About the Housing Assistance Council
HAC, founded in 1971, is a nonprofit corporation that supports the development of rural low-income housing nationwide. HAC provides technical housing services, loans from a revolving fund, housing program and policy assistance, research and demonstration projects, and training and information services. HAC is an equal opportunity lender. [tdborder][/tdborder]





Creative Compassion, Inc.



Housing Development Alliance



Northwest Regional Housing Authority



Self-Help Enterprises



Kentucky Highlands Community Development Corporation



Rural Alaska Community Action Program, Inc.



Grand Total


HAC to Collaborate on Rural Placemaking Effort

Re-posted from buildingcommunityWORKSHOP
Contact: Dan Stern, (202) 842-8600 Ext. 137
Stephen Sugg, (202) 842-8600 Ext. 159

buildingcommunityWORKSHOP [bc] is one of 64 National Endowment for the Arts Our Town projects selected nationwide

National Endowment for the Arts 2016 Our Town Awards

Washington, DC: May 11, 2016 – National Endowment for the Arts (NEA) Chairman Jane Chu announced 64 awards totaling $4.3 million supporting projects across the nation through the NEA’s Our Town program. [bc] is one of the recommended organizations for an award to support the integration of creative placemaking and design strategies into the work of the Housing Assistance Council (HAC) and their community-based partner network. The Our Town grant program supports creative placemaking projects that help to transform communities into lively, beautiful, and resilient places with the arts at their core. The NEA received 240 applications for Our Town this year and will make awards ranging from $25,000 to $100,000.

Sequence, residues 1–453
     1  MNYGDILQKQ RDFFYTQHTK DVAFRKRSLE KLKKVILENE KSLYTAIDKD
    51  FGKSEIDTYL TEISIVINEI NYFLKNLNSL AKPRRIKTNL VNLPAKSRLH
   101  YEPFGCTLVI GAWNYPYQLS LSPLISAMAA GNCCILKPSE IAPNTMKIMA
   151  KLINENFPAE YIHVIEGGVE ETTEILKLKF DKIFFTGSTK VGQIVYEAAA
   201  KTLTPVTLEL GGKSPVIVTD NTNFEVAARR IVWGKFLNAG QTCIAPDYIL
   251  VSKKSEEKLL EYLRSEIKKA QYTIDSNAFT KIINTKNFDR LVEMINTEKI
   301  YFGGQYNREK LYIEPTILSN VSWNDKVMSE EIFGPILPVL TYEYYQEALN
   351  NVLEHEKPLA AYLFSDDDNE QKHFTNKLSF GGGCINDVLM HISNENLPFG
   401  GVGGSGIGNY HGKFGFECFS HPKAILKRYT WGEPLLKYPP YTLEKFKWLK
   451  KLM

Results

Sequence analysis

“For six years, Our Town has made a difference for people and the places where they live, work, and play,” said NEA Chairman Jane Chu. “Projects such as the one led by bcWORKSHOP help residents engage the arts to spark vitality in their communities.”

“HAC is excited to help bring Creative Placemaking, affordable rural housing, and community development together. The NEA funding will provide needed resources to communities and local artists alike. HAC looks forward to sharing these innovations with community-based rural housing organizations across the country.” says Moises Loza — Executive Director, Housing Assistance Council

[bc] will provide training to a core group of HAC regionally based housing specialists, develop a repository of best practices, facilitate a peer-exchange program, and publish articles that reach rural housing developers. Through training and demonstration projects, affordable housing developers and residents will be empowered to participate in the community design process and ultimately create more livable, vital places that celebrate the unique culture of the community. HAC reaches 6,500 rural practitioners and helps build the capacity of local organizations to develop affordable homes in rural America, and maintains a special focus on particular groups and regions such as Indian country, the Mississippi Delta, farmworkers, the Southwest border colonias (communities within the mainly rural US-Mexico border region with marginal conditions related to housing and infrastructure), and Appalachia.

For a complete list of projects recommended for Our Town grant support, please visit the NEA web site at arts.gov. The NEA’s online resource, Exploring Our Town, features case studies of more than 70 Our Town projects along with lessons learned and other resources.